In order for the world to begin to solve the climate crisis, one critical thing has to happen. Global carbon emissions need to start falling. And they need to start falling soon before the serious impacts that we are already seeing considerably worsen and begin to overwhelm us.
Carbon Emissions Plateau For Last Three Years
Over the past three years, countries around the world have been engaged in a major switch away from the biggest carbon emitter — coal. China is shutting down hundreds of its worst polluting coal plants, India is following suit, the U.S. is shuttering many of its own facilities, and in Europe the trend is much the same. Around the world, investment in new coal fired plants continues to fall even as the old plants are pressured more and more to halt operations.
(It’s starting to look like cheap renewable energy and the drive to reduce pollution and to solve the climate crisis are a stronger factor in the present carbon emissions plateau than a cyclical switch to natural gas fired power generation. Image source: The International Energy Agency.)
In many places, coal generation is being replaced by natural gas. This fuel emits about 30-50 percent less carbon than coal, but it’s still a big source. In the past, a switch to natural gas due to lower prices has driven a cyclical but temporary reduction in global carbon emissions. And falling coal prices have often driven a price-forced switch back to coal and a return to rising emissions rates. But after years of rock-bottom coal prices due to continuously falling demand this, today, is not the case.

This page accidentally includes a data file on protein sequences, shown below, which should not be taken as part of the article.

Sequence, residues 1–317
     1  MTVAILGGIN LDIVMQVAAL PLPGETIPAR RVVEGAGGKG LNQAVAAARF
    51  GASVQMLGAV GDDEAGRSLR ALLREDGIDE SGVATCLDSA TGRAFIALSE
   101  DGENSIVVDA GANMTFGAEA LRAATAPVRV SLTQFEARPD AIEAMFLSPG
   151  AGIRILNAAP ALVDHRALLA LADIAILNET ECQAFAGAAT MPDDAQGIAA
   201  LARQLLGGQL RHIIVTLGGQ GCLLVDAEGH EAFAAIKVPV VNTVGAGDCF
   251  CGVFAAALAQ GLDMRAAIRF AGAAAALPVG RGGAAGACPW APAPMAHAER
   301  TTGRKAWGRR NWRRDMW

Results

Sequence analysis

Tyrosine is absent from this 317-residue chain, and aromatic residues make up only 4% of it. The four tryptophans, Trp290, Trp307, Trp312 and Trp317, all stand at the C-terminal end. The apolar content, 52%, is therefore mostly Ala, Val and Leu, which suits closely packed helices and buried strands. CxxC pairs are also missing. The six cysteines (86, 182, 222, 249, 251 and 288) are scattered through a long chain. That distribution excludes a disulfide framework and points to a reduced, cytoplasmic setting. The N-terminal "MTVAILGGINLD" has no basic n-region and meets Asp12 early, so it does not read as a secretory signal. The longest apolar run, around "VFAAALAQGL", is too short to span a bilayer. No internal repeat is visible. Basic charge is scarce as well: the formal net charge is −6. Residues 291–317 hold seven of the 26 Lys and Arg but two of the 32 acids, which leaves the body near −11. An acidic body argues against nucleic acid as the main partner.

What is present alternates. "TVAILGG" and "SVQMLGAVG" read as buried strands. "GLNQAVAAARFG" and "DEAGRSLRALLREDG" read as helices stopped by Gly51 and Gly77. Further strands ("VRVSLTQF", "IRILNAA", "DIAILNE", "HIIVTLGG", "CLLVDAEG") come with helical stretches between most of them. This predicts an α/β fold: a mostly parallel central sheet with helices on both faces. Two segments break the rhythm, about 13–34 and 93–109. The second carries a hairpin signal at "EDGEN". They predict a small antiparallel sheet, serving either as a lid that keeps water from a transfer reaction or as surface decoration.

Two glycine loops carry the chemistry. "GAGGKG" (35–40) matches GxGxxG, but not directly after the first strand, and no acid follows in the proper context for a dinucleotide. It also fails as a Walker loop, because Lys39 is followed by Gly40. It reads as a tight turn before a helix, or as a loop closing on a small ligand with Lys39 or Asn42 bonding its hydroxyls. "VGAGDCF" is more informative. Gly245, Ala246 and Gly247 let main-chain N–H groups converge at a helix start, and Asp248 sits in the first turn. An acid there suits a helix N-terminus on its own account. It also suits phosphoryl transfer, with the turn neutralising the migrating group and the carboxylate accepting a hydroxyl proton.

Low-Cost, More Desirable Renewable Energy Blocks a Cyclical Switch back to Coal
And the primary reason for this break in traditional energy cycling is that renewable energy in the form of wind and solar are now less expensive than coal and gas fired power generation in many places. Add that wind and solar are considerably more desirable due to the fact that they produce practically zero negative health impacts from pollution and that such zero-emitting sources are critical to solving an ever-worsening climate crisis and you end up with something seldom seen in markets anywhere. A rare synergy between a public interest based drive for a more moral energy industry and a, typically callous to such concerns, market-based profit motive.
(In Western Europe basic economics and a desire for cleaner power sources has resulted in both wind and solar overtaking coal fired power generation capacity. Image source: Bloomberg.)
Consider the fact that now, in Western Europe, both solar and wind energy have higher installed capacities than coal. Combined, the two sources have more than double the present energy producing capacity of this dirty fuel. Coal just can’t compete any longer. And an increasing glut of low-cost, non-polluting renewable energy is forcing even the largest, most economically viable, coal fired power plants such as the 2.2 gigawatt facility in Voerde, Germany to shut down.